Grants of rights in anthology contracts should always contain the word "non-exclusive" and clearly state that the anthology's publisher has the continuing, non-exclusive right to reproduce the author's work as part of the specified anthology only. Publishers do need "continuing" rights so the work can be included in reprints and future editions of the anthology. However, the author should never surrender the right to publish the work in other formats, other anthologies, or other collections (for example, in a collection of the author’s own short works).
3. Limitations on how soon the author can publish the work again, or in other formats. Anthologies often want the right to publish works on a “limited exclusive” basis, which is normal—and fine—as long as the term requested is not too long. 6-12 months from the date of the anthology’s initial publication is a reasonable exclusivity period. However, the anthology contract shouldn’t bar the author from ever publishing or using the work again, or demand an excessive exclusivity period.
Note: NEVER grant or transfer your copyright in your work to an anthology publisher. Next month’s post will look at anthology copyrights in more detail, but for now it’s enough to remember: no anthology publisher needs the copyright in your story.
The author should always retain copyright ownership in his or her work.
The Anthology contract should specify that the grant of rights covers English language rights only, unless the translation rights are limited to the translation of the entire anthology (as a whole) into other languages. Translation of anthologies is rare, and most of the time the publisher needs only English language rights to contributed works. Although translation of short stories and other shorter works is rare, the author should still retain the rights whenever possible.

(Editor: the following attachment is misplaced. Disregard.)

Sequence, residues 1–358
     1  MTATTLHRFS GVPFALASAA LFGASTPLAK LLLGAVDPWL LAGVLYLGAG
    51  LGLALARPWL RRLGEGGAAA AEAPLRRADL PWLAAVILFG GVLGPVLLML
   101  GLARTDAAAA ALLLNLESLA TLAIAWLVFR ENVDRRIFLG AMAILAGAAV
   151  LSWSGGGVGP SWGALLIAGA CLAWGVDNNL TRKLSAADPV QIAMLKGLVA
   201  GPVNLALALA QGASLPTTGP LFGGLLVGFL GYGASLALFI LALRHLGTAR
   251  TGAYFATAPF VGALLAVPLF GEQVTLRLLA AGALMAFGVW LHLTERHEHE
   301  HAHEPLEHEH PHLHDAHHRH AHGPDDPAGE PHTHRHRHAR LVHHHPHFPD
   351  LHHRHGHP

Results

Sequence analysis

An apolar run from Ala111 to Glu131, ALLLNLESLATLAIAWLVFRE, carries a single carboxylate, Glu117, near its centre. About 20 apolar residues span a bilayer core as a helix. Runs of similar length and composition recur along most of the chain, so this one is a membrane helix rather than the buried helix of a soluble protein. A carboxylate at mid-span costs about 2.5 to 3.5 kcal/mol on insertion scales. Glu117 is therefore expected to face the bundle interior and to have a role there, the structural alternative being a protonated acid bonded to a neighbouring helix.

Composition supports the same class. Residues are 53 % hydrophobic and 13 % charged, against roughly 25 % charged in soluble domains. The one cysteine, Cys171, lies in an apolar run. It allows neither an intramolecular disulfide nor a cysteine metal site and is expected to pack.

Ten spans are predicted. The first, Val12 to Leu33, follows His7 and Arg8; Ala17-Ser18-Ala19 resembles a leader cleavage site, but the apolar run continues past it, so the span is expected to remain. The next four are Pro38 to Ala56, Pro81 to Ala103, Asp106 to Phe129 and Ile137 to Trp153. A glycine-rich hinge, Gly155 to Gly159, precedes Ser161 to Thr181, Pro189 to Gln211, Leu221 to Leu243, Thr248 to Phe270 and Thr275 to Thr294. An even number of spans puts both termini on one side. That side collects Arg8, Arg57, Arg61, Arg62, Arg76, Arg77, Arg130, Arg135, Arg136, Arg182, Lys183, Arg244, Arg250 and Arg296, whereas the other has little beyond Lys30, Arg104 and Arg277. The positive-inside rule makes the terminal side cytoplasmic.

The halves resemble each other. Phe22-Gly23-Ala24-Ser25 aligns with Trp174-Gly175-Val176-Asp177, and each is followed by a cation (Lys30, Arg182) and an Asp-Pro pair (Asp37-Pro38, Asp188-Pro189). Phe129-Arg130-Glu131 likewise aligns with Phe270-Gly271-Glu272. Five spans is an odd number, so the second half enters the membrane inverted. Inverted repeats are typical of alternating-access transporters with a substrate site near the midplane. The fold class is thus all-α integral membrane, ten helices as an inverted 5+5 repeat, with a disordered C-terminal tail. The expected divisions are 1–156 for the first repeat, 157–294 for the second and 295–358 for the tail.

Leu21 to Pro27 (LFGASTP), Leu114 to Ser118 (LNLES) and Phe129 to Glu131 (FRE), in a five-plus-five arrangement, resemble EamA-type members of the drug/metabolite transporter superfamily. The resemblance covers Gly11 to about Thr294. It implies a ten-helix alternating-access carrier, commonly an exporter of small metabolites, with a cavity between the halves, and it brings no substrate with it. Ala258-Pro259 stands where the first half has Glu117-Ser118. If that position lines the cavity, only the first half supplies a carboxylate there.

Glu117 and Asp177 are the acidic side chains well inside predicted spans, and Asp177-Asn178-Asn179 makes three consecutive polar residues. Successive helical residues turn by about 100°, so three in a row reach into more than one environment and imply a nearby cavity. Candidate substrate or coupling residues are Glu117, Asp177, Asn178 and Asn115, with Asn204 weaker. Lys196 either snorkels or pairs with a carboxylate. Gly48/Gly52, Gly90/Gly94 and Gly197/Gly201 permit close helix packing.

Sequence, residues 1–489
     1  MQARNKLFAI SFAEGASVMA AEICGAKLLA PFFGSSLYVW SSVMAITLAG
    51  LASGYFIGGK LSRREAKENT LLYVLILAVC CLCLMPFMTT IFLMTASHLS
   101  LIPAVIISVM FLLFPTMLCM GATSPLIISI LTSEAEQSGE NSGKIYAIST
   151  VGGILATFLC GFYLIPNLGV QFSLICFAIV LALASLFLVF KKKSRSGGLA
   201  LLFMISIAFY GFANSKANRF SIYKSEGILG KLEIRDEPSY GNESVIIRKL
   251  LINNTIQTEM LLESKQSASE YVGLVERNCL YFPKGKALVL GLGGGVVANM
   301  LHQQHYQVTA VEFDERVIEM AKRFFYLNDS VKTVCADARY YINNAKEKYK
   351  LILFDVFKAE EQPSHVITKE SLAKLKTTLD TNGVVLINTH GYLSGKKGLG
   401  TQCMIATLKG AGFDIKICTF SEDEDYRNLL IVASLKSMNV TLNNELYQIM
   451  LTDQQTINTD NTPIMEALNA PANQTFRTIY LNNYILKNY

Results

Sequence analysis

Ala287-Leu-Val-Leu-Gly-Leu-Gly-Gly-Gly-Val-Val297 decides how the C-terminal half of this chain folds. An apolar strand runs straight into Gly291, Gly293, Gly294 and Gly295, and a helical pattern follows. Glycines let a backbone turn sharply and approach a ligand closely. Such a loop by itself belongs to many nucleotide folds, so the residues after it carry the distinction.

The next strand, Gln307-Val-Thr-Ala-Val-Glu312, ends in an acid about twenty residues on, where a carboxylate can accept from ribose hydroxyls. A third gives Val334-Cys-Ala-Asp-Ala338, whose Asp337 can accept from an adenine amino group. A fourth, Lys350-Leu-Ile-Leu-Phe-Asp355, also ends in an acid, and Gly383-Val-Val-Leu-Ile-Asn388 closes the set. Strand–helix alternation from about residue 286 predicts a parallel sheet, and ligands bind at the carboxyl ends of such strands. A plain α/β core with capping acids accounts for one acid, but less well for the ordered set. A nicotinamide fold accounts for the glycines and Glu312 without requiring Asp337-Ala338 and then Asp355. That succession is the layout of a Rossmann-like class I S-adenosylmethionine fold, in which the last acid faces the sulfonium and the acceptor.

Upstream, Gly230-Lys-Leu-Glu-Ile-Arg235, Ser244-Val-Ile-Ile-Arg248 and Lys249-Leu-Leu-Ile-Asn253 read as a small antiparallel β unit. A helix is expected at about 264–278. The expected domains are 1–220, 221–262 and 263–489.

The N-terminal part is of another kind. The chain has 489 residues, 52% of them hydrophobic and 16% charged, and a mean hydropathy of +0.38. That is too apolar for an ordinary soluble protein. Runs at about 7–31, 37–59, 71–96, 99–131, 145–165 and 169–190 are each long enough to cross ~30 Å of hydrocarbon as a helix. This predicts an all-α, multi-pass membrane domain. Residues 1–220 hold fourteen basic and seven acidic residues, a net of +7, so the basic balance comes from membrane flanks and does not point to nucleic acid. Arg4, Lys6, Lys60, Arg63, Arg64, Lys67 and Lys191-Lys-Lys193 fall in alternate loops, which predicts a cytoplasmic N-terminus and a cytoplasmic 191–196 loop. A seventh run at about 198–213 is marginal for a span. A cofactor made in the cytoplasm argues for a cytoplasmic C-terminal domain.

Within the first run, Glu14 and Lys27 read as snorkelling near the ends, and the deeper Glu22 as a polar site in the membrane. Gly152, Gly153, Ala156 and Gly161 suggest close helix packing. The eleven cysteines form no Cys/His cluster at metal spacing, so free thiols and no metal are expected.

Anthology contracts should never contain grants of subsidiary rights like film, television, app and gaming, graphic novel, and merchandising rights (to name a few). The only time these rights should show up in an anthology contract is when the contract states that the author retains these rights exclusively.
Finally, anthology contracts should always contain a statement that the author retains all rights not expressly granted to the publisher in the contract. This is standard but needs to appear in the contract to ensure that ownership of the rights (and the right to exploit them) is clear.
Anthologies present many authors with valuable opportunities to publish shorter works, “cross pollenate” readership, and gain publishing credits. Authors simply need to ensure that the grant of rights is clear—and not overreaching.
Do you write for anthologies? How do the grants of rights you’ve seen compare with the ones we’re talking about today?
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Susan Spann writes the Shinobi Mysteries, featuring ninja detective Hiro Hattori and his Portuguese Jesuit sidekick, Father Mateo. Her debut novel, CLAWS OF THE CAT (Minotaur Books, 2013), was a Library Journal Mystery Debut of the Month and a finalist for the Silver Falchion Award for Best First Novel. BLADE OF THE SAMURAI released in 2014, and her third novel, FLASK OF THE DRUNKEN MASTER, releases on July 14, 2015.